• `"bias" bias` (float) - specifies a float value to offset hemisphere sample origins.  If not provided the trace bias attribute is used.
• "`maxerror" error `(float) - specifies an error metric to control quality/speed tradeoff for occlusion calculations.  If set to zero, the occlusion will be computed at every shading point; no attempt at interpolation will be made.  The larger "maxerror" is, the more time can be saved by interpolating nearby occlusion values.  If not provided or if set to a negative value, the value of the attribute: "irradiance" "maxerror" is used. NOTE: "maxerror" is superseded by the new "maxvariation" parameter and will probably be phased out in a future release.
• `"maxpixeldist"` `dist` (float) - specifies an error metric to control quality/speed tradeoff for occlusion calculations.  If set to zero, the occlusion will be computed at every shading point; no attempt at interpolation will be made.  maxpixeldist is used in conjunction with maxerror or maxvariation and provides a screen-based metric to limit artifacts associated with interpolation.  If not provided or if set to a negative value, the value of the attribute: "irradiance" "maxpixeldist" is used.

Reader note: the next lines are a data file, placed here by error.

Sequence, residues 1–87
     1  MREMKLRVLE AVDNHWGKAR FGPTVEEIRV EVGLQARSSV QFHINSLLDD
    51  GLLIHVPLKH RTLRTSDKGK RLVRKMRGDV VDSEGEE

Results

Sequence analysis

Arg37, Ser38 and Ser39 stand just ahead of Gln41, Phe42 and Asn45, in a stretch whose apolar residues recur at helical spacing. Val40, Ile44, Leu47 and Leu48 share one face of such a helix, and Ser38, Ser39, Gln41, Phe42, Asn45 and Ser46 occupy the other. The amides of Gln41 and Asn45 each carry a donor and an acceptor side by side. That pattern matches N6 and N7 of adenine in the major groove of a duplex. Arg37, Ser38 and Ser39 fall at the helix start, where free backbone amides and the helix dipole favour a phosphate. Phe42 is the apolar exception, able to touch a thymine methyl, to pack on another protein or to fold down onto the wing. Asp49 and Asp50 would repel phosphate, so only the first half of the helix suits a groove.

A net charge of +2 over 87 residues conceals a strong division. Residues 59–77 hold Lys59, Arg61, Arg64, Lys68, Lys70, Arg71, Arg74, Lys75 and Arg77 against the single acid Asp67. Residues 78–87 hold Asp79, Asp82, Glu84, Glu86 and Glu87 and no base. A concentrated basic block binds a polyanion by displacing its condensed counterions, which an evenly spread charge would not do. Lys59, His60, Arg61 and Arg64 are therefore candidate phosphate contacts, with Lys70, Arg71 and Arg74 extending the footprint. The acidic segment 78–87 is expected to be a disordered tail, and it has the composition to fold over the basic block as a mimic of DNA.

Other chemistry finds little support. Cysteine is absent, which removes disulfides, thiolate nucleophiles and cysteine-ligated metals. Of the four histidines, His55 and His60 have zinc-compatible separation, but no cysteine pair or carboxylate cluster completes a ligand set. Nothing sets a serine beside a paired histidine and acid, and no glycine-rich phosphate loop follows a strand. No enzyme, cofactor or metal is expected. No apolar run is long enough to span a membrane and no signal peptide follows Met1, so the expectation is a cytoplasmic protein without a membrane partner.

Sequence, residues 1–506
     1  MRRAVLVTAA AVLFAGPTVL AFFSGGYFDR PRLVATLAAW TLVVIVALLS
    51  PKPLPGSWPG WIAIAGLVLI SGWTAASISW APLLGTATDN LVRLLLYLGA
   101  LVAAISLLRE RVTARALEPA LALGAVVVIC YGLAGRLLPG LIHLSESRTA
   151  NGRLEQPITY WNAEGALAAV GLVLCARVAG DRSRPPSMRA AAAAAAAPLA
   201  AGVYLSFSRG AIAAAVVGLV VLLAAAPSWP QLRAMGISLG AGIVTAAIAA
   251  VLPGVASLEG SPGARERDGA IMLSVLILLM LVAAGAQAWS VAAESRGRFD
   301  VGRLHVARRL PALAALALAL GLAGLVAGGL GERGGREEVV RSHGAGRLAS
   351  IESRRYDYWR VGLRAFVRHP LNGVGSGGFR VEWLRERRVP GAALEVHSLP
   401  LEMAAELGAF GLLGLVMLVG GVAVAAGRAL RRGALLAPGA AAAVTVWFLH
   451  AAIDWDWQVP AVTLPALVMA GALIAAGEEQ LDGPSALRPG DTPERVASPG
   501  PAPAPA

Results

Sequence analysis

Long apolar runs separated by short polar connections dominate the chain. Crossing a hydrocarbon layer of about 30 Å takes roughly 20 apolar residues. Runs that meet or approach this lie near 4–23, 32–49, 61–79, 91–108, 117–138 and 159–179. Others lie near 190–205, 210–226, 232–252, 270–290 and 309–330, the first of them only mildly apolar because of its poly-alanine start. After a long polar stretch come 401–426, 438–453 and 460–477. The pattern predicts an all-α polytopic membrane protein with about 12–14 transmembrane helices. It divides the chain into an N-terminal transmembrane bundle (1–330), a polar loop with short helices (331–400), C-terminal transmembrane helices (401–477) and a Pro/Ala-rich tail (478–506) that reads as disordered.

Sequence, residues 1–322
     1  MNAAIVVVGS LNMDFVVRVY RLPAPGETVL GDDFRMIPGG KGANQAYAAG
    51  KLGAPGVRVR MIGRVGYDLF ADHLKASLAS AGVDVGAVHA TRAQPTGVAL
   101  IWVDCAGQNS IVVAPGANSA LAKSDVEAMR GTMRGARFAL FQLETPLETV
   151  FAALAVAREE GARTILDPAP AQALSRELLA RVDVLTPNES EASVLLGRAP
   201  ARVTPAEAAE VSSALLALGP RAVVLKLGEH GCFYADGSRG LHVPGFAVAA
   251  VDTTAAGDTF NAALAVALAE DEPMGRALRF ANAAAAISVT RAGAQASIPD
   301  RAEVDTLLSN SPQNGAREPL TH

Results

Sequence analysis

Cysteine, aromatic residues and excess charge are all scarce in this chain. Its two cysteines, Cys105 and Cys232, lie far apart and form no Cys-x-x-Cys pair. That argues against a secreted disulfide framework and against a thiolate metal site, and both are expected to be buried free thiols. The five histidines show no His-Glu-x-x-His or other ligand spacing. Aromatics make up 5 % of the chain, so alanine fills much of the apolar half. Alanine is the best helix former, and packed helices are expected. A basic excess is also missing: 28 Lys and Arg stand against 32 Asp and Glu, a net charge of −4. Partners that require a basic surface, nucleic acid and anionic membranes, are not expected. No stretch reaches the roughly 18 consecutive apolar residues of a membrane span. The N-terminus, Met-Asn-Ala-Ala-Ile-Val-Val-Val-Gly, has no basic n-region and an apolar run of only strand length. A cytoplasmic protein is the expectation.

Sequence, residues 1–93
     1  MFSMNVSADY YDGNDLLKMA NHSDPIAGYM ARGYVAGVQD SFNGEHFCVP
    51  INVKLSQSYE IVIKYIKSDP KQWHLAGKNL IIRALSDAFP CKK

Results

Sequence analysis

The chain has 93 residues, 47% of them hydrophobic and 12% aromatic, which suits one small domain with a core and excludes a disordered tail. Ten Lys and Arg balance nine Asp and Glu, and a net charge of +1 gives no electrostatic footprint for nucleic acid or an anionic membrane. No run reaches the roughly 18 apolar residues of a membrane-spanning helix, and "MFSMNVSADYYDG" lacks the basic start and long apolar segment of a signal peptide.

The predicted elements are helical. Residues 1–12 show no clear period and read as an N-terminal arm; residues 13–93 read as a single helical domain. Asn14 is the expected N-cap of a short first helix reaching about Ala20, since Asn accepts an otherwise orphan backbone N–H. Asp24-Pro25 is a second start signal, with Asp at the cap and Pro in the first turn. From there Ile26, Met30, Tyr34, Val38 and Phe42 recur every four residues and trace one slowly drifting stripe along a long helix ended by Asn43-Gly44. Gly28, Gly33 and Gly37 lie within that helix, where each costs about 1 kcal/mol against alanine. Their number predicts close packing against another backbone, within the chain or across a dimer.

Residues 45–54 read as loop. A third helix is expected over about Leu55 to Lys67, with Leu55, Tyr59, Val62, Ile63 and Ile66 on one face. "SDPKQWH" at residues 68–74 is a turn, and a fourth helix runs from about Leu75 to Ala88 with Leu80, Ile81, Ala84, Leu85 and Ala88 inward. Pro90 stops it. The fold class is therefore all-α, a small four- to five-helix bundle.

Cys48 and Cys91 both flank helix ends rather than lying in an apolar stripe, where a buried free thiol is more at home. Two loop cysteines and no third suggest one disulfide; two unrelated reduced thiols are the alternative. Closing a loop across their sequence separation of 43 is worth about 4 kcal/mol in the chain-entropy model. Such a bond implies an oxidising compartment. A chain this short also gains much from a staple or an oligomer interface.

• "`maxvariation" var `(float) - specifies an error metric to control quality/speed tradeoff for occlusion calculations.  If set to zero, the occlusion will be computed at every shading point; no attempt at interpolation will be made.  The larger "maxvariation" is, the more time can be saved by interpolating nearby occlusion values.  "maxvariation" specifies how much the interpolated occlusion values are allowed to deviate from the true occlusion. For high-quality final rendering, values in the 0.01 to 0.02 range are typical; for quick preview renderings values of 0.05 or even 0.1 can be used. If "maxvariation" is not provided or is set to a negative value, "maxerror" will be used instead. NOTE: "maxvariation" is a better error metric than "maxerror" and should be used instead of it; the same quality can be obtained with fewer occlusion calculations (and therefore faster) and the control is more intuitive.